Objective: Multiple sclerosis (MS) is a disabling idiopathic inflammatory disorder with evidence of immune dysfunction. Current therapies for MS include preparations of beta-interferon (beta IFN). We studied the gene expression patterns in peripheral blood mononuclear cells from relapsing-remitting MS patients undergoing weekly beta IFN-1a therapy (Avonex; 30 mg intramuscular) to identify biomarkers for beta IFN responsiveness.
Methods: Oligonucleotide microarrays were used for the comparative analysis of gene expression patterns from longitudinal PBMC samples taken from five patients undergoing beta IFN therapy.
Results: On the basis of two-fold changes in expression levels and statistical analyses we selected a candidate diagnostic set of 136 genes that were differentially expressed between pretreatment and IFN-beta-1a-treated MS patients. When we applied this gene set to cluster the specimens according to their expression profiles, the pretreatment samples clustered in one branch, and acute and chronic samples following treatment clustered in another branch. However, the chronic samples from the single clinical non-responder clustered with the pretreatment branch, suggesting that a possible reversal of beta IFN-induced gene expression may be contributing to the poor clinical response.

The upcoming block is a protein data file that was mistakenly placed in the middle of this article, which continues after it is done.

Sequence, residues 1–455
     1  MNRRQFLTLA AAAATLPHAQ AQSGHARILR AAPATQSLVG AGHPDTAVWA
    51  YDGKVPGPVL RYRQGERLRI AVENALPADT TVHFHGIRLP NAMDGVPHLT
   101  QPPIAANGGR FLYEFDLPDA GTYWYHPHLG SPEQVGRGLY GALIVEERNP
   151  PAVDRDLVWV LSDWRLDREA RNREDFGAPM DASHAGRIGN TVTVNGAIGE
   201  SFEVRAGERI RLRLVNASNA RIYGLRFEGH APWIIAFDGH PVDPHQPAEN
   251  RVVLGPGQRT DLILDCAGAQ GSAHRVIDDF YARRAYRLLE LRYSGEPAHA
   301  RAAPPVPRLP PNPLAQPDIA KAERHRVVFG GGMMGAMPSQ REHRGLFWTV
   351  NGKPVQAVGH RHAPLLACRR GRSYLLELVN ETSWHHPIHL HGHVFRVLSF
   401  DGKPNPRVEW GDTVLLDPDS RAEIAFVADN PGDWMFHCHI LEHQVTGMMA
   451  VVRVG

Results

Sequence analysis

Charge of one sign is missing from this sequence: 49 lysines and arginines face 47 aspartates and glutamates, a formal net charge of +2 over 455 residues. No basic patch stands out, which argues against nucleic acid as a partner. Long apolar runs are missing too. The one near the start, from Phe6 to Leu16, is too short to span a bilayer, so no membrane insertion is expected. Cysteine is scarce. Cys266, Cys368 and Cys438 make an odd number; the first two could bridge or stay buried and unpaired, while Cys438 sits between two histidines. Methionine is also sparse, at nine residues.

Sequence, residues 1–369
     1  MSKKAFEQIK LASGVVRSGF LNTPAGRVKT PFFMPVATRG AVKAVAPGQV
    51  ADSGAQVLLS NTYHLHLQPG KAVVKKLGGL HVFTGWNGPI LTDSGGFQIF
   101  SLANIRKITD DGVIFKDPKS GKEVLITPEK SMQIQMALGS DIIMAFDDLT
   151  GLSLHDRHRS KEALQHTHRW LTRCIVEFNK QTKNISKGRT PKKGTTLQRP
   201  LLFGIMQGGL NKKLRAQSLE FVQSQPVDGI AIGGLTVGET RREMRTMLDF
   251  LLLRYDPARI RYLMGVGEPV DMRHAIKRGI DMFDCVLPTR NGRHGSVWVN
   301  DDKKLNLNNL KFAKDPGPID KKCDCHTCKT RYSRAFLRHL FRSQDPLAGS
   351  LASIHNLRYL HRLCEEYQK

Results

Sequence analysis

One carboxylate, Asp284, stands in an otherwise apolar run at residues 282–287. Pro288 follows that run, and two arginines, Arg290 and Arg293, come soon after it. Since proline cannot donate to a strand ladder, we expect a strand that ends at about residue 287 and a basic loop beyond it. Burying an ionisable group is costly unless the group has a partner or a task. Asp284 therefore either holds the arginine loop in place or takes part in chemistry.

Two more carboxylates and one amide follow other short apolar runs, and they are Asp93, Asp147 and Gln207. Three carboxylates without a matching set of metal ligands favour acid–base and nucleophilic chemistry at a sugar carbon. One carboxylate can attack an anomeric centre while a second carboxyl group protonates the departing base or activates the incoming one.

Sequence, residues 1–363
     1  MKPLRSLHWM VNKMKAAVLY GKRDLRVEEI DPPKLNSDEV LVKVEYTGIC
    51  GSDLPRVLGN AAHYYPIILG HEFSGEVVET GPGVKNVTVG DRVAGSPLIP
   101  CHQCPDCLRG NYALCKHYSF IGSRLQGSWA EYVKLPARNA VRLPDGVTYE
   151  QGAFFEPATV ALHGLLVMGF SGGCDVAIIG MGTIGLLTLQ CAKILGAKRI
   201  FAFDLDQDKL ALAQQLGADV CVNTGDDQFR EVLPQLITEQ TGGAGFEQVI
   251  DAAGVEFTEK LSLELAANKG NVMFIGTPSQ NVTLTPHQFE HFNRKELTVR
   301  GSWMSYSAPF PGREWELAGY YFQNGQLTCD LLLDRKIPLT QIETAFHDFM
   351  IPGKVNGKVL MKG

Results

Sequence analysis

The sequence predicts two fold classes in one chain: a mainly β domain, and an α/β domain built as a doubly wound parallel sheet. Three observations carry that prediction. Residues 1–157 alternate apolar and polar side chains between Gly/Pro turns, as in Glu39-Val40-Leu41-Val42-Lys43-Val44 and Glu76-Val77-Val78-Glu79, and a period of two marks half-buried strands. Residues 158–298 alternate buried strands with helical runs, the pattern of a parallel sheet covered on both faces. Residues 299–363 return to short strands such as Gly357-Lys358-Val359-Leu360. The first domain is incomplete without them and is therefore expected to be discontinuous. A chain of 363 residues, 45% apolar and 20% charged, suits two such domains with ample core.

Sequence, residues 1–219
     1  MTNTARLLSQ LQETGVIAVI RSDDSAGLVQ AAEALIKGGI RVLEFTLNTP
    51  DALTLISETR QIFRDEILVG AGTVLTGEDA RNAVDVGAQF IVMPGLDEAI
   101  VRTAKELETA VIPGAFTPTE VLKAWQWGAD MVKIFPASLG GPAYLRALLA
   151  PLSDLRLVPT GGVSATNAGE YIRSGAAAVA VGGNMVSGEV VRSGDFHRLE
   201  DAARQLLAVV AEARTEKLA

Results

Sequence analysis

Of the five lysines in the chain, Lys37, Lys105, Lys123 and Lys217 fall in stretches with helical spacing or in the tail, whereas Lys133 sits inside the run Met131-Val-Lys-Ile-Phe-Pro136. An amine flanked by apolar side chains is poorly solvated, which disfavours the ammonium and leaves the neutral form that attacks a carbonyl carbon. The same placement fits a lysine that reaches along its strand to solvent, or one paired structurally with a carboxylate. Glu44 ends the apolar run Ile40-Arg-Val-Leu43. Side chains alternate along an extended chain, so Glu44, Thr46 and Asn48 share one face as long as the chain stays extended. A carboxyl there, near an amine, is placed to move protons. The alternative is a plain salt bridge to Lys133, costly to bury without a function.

Conclusions: These 136 genes represent potential targets for new MS therapeutics and the basis for lack of beta IFN response.